We’ve been talking so much about real estate trends and all the swanky new condo developments that we can expect to see in 2015, but there’s another, more subtle trend that’s already taking shape. And it’s environmentally friendly.
As CNBC reports, “New York City is experiencing a solar renaissance.” The city has seen a recent flurry of initiatives that advocate for green building, including Governor Cuomo’s $1 billion commitment to solar projects and his law that doubles tax breaks for those who install solar panels on their properties. Plus, in November, the City Council passed a bill that says New York City must cut greenhouse gas emissions 80 percent by 2050.
This green movement was spurred in 2008 when Mayor Bloomberg introduced a list of incentives–known as NYC Solar Electric Generating System Property Tax Abatement Program–for incorporating solar energy into building projects. Since then, more than 1,260 solar energy systems have been installed in both commercial and residential properties throughout the city. And according to a study by environmental advocacy group Environment Ohio, “The Big Apple has a solar capacity of over 30 megawatts. That’s enough energy to power more than 4,500 homes, and is up from about 10 megawatts just four years ago.” While Los Angeles has a 132 megawatt capacity, NYC is still the country’s eighth most solar-friendly city.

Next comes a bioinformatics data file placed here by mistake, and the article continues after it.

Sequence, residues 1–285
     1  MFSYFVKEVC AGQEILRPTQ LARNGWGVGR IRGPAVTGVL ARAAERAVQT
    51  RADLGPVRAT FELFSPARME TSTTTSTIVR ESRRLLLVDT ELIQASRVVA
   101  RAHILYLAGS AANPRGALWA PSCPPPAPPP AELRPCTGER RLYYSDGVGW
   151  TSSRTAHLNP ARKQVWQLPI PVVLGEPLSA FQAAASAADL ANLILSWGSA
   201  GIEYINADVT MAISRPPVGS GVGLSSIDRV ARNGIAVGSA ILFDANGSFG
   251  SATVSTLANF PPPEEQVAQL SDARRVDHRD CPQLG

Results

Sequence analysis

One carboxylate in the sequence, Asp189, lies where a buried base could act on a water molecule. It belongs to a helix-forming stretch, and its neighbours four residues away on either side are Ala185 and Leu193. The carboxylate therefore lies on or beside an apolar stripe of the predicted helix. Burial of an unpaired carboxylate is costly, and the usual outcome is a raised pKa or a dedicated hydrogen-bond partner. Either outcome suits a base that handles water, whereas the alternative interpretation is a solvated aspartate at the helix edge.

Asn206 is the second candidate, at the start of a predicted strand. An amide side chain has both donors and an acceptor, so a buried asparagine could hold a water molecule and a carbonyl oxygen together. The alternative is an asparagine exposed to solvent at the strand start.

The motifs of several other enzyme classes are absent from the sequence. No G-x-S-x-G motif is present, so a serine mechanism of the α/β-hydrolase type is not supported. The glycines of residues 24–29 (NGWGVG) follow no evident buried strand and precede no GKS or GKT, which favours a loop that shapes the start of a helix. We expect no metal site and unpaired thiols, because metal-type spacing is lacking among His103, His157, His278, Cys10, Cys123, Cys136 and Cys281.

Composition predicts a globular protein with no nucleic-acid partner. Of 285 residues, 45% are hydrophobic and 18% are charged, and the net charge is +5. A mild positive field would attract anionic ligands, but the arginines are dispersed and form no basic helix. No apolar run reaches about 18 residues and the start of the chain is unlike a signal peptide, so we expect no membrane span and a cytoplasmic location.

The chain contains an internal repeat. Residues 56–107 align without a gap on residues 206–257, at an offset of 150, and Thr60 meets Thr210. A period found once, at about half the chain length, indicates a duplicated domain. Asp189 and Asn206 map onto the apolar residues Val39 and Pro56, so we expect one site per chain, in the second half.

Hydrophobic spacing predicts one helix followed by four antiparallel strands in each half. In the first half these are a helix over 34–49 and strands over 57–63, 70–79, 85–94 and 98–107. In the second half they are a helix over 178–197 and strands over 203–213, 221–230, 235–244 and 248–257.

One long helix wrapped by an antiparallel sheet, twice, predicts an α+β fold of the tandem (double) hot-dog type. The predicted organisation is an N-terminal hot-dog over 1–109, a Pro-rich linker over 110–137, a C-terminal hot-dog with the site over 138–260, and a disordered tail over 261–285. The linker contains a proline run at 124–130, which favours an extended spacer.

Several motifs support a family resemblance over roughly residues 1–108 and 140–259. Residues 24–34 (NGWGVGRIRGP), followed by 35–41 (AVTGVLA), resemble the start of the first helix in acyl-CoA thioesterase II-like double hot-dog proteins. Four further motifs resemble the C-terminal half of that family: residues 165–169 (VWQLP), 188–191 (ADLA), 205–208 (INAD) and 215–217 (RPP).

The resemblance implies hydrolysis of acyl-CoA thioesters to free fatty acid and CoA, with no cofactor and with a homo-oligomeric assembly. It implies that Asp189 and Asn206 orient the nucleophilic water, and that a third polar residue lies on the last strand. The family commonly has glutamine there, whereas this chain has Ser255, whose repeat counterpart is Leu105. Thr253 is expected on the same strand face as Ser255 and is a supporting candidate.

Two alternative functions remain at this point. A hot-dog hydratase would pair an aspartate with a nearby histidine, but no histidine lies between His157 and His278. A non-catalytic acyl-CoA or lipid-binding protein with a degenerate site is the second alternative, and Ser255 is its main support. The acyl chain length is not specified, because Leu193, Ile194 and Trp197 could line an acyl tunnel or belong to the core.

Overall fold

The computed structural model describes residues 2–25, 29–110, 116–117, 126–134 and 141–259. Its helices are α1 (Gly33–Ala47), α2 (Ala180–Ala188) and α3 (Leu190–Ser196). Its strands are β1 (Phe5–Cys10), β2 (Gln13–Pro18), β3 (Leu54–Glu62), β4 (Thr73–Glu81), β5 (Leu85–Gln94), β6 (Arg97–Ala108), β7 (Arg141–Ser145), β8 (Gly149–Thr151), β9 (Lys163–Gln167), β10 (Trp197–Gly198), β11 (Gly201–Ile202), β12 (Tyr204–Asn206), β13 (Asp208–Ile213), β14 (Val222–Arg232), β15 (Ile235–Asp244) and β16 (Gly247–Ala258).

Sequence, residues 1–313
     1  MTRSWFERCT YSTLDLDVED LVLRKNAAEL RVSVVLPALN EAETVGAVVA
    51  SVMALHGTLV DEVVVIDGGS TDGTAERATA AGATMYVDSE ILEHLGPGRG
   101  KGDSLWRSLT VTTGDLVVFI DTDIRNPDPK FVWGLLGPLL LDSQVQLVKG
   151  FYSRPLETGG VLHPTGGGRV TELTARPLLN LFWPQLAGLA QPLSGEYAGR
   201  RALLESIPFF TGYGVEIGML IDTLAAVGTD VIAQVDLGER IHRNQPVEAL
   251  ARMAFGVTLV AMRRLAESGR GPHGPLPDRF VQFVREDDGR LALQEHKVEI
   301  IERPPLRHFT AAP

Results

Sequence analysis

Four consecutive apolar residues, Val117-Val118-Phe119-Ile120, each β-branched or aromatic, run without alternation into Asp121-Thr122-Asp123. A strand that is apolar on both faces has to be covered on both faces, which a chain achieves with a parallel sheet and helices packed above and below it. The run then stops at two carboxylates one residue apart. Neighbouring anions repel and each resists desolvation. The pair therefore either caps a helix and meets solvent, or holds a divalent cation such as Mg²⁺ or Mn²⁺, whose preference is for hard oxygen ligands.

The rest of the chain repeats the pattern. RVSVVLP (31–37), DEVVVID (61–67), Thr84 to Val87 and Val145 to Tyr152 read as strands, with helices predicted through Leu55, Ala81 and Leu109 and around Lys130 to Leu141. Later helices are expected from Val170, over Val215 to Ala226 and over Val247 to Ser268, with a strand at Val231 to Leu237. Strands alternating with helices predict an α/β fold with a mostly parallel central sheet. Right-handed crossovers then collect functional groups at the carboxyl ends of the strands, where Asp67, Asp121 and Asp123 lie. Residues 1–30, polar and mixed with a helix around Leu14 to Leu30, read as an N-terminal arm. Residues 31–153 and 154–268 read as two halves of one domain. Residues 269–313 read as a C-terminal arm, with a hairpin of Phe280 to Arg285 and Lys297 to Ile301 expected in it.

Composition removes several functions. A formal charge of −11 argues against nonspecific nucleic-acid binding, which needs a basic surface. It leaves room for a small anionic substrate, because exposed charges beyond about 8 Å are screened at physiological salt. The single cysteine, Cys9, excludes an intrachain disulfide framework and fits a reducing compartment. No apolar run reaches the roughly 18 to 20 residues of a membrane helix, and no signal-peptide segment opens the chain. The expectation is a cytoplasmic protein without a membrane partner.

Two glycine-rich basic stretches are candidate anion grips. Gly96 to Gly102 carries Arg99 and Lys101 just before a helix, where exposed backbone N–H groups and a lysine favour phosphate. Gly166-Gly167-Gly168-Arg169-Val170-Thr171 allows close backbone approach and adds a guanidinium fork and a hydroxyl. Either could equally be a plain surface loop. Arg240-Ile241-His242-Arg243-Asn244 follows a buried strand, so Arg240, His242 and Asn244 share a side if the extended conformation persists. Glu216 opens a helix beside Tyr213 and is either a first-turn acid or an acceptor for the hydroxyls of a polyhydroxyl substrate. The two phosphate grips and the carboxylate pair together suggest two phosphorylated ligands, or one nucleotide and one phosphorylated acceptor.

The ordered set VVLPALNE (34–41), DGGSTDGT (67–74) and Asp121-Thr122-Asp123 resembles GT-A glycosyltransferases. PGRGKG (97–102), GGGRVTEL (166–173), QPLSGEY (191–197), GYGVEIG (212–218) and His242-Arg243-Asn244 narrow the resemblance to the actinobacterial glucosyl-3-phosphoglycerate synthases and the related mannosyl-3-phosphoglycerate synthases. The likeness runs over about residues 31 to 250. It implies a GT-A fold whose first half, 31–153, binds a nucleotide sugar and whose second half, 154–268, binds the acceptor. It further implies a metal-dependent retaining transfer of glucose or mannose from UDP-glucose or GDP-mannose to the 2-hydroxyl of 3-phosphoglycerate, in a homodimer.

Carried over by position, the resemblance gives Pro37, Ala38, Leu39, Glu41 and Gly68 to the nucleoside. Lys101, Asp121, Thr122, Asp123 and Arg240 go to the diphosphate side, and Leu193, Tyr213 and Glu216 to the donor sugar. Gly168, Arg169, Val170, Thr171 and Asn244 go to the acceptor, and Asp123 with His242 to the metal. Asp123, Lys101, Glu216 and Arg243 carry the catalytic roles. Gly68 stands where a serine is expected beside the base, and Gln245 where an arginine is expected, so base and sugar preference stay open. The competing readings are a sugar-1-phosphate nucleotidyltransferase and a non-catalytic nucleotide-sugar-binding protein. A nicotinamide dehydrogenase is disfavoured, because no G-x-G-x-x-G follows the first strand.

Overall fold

A rendering of the solar skylights at the Lowline
The Atelier, a luxury building in Midtown West, installed solar panels on its roof in 2011. The system generates roughly 5% of the building’s energy, cutting annual utility costs by $40,000. River 2 River Realty, which operates the Atelier, plans to add 100 panels to the side of the building in 2015, providing another 10 percent of its energy and increasing the cost savings to $120,000. The company has used the extra money to reinvest in the building and attract new tenants. They’ve added perks like free breakfasts, the addition of a tennis court and a simulated ice skating rink on the roof. But it’s not just tall buildings that are incorporating the technology. The proposed Lowline underground park would utilize solar energy to create remote skylights to bring light into the space, and Bronx Borough President Ruben Diaz, Jr. hopes the LinkNYC kiosks, which will replace old pay phones, will operate with solar power.